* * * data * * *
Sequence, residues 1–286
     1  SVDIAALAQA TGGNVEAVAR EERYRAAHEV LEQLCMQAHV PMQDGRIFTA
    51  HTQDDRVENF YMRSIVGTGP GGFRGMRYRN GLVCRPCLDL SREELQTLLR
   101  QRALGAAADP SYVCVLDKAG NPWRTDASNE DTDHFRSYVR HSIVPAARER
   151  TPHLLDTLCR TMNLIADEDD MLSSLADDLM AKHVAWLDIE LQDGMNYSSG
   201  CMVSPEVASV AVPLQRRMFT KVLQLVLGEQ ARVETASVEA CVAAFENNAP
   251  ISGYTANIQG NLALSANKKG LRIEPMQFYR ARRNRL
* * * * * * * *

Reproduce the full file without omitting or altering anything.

Sequence, residues 1–286
     1  SVDIAALAQA TGGNVEAVAR EERYRAAHEV LEQLCMQAHV PMQDGRIFTA
    51  HTQDDRVENF YMRSIVGTGP GGFRGMRYRN GLVCRPCLDL SREELQTLLR
   101  QRALGAAADP SYVCVLDKAG NPWRTDASNE DTDHFRSYVR HSIVPAARER
   151  TPHLLDTLCR TMNLIADEDD MLSSLADDLM AKHVAWLDIE LQDGMNYSSG
   201  CMVSPEVASV AVPLQRRMFT KVLQLVLGEQ ARVETASVEA CVAAFENNAP
   251  ISGYTANIQG NLALSANKKG LRIEPMQFYR ARRNRL